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Novel Conversations

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Novel Conversations alternates between discussions of classic novels and recent works of fiction and nonfiction. Come to one discussion or come to them all.  Join at any time!

Meetings

Novel Conversations meets on the third Thursday of each month at 7:00 pm on Zoom.  Email mjorgensen@coralville.org for the Zoom link.

We always welcome your questions, comments, and suggestions! Please email Mike or call 319-248-1850.

Novel Conversations on Zoom

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Novel Conversations is a book group that alternates between classic novels and more recent works of fiction and nonfiction. Participants are welcome to come to all the meetings or just […]

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2022 Book Selections

Multiple copies of each book are available to check out in the library months in advance of the scheduled discussion. When possible, books are made available in large print, audio, and ebook versions.

Emma is a comedy of manners about youthful hubris and romantic misunderstandings set in the fictional English village of Highbury. Emma is a young woman who overestimates her matchmaking skills and concerns herself with meddling in others’ lives, much to their dismay.
This classic, award-winning science fiction novel was first published in 1965 serially in Analog magazine. It has long been a science fiction favorite, being adapted for video and board games, a mini-series, and several films.
In his third novel, Hemingway tells the story of Frederic Henry, an American serving as an ambulance driver in the Italian Army during WWI. After he is badly injured, he is cared for by, and falls in love with, English nurse Catherine Barkley. A Farewell to Arms is notable for its many autobiographical elements.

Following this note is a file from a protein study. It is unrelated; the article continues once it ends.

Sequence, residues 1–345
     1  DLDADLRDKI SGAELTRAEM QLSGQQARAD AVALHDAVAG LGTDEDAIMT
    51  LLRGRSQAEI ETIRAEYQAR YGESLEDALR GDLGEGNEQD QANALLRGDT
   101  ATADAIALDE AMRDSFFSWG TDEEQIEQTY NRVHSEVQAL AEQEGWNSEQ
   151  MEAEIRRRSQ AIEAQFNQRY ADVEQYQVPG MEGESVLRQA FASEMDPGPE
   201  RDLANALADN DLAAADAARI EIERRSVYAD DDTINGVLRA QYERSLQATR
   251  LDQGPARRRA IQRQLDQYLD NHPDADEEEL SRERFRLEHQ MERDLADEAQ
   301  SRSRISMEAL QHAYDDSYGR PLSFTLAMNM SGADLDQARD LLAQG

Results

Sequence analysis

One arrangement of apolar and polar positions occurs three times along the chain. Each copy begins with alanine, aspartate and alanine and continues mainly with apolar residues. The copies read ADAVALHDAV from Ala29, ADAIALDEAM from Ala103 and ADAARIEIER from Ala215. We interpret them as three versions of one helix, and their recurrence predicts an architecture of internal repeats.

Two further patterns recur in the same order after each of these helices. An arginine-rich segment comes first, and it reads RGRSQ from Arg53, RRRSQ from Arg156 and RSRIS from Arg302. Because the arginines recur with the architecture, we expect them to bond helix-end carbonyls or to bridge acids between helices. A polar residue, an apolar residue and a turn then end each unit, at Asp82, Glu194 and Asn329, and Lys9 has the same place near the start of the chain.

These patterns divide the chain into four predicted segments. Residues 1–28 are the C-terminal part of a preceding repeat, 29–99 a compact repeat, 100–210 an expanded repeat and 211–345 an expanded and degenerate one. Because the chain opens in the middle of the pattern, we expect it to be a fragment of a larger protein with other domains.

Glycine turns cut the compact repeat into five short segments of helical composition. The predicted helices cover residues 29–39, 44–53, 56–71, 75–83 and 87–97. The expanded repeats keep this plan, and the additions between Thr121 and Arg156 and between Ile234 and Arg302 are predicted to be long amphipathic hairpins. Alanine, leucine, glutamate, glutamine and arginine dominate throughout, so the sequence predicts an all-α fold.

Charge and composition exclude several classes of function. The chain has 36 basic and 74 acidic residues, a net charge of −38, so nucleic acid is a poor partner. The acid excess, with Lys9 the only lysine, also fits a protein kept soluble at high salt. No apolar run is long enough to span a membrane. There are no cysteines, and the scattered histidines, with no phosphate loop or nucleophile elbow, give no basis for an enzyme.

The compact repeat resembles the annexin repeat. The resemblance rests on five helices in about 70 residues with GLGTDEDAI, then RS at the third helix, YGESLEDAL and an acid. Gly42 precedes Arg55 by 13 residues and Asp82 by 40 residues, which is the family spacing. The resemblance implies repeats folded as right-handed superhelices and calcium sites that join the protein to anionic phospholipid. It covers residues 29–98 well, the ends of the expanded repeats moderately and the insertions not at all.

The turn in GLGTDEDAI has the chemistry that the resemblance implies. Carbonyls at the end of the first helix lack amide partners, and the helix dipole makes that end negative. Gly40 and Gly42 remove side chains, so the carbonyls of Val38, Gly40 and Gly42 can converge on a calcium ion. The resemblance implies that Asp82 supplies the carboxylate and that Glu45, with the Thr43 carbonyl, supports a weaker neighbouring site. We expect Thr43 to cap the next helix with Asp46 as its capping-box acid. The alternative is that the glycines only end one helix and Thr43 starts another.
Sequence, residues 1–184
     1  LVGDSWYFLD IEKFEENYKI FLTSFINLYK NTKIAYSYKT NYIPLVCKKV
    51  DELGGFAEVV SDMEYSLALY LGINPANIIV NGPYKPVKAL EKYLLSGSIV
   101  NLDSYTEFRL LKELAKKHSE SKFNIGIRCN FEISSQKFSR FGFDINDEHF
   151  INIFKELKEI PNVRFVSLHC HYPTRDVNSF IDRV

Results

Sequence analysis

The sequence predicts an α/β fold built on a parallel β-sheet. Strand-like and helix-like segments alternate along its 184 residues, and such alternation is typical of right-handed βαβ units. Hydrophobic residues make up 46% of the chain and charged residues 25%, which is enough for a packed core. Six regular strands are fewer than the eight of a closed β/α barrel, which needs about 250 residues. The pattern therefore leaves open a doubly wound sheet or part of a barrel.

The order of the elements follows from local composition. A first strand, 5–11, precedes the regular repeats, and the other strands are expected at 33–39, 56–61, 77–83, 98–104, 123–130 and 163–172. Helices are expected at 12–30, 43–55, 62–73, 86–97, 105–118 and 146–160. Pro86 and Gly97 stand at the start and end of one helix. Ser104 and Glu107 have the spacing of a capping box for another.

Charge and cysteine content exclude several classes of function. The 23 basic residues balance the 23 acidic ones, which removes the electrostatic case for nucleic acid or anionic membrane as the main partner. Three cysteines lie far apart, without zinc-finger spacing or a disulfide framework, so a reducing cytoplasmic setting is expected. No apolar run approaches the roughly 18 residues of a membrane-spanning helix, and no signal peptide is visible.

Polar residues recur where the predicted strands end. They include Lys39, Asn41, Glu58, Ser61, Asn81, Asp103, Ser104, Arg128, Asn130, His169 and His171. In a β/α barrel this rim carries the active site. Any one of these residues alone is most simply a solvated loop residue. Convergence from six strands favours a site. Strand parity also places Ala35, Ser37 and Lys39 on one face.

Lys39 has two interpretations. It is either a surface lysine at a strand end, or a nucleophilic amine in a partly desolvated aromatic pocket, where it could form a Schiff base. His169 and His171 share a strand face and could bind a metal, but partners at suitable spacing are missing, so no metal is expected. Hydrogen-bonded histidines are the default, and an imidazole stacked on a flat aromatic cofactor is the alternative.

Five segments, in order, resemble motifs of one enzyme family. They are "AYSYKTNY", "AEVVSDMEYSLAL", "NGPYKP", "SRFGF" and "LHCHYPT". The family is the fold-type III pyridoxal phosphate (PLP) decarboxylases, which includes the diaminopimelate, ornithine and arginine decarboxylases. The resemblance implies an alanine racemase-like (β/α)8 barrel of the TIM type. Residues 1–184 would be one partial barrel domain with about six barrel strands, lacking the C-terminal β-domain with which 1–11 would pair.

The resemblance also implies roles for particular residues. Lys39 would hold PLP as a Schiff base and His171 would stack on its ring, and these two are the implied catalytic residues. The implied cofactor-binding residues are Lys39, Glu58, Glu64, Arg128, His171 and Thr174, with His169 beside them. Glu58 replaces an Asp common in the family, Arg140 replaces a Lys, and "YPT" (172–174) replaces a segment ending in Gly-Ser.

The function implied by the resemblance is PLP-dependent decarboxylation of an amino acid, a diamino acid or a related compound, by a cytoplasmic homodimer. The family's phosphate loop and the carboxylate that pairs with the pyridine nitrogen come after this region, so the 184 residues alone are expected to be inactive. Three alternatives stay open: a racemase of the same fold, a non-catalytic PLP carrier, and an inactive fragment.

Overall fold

“Zadie Smith’s debut novel is…a restless hybrid of voices, tones and textures. Hopscotching through several continents with 150 years of history, White Teeth encompasses a teeming family saga, a sly inquiry into race and identity, and a tender-hearted satire on religious antagonism and cultural bemusement” (NY Times).
Made famous by the film Field of Dreams, Kinsella’s story took root while attending the University of Iowa’s Writer’s Workshop. The NY Times wrote in 1982: “Mr. Kinsella is drunk on complementary elixirs, literature and baseball, and the cocktail he mixes of the two is a lyrical, seductive, and altogether winning concoction. It’s a love story.”
This semi autobiographical novel, written in two volumes (1868 and 1869), follows the lives of Meg, Jo, Beth, and Amy as they grow from childhood to womanhood. Little Women has been translated into many languages, and has been adapted into many stage and screen versions.
Hamlet learns from his father’s ghost that he was murdered by Hamlet’s uncle. In order to set things right Hamlet must avenge his father’s murder and kill his uncle, so he prepares himself for revenge. One of Shakespeare’s most frequently produced and adapted plays.
Dominican-British author Rhys wrote her postcolonial prequel to Jane Eyre in 1966, using as her main character Antoinette, otherwise known as the “madwoman in the attic.” Wide Sargasso Sea examines relationships, race, assimilation, and Caribbean history.
Taking place in an Oregon psychiatric hospital, Kesey’s story ponders the idea of individualism in the face of harsh institutional processes. One Flew Over the Cuckoo’s Nest was adapted into a stage play as well as the Milos Forman film starring Jack Nicholson, which won 5 Academy Awards.
This is an inverted detective story that is narrated by one of six students involved in a brutal murder years earlier. Vanity Fair called it “a huge, mesmerizing, galloping read, pleasurably devoured.”
This classic children’s book, following the daily happenings of Toad, Mole, Rat, and Badger in a pastoral version of Edwardian England was first published in 1908, and expanded the bedtime stories Grahame told his son, Alastair.
This 2022 One Community, One Book selection is a captivating collection of stories that will transform the way readers think about gun violence in America. Over the past 20 years in Chicago, 14,033 people have been killed and another 60,000 wounded by gunfire. The latest book by Kotlowitz examines the psychological toll gun violence takes on the spirit of individuals and communities.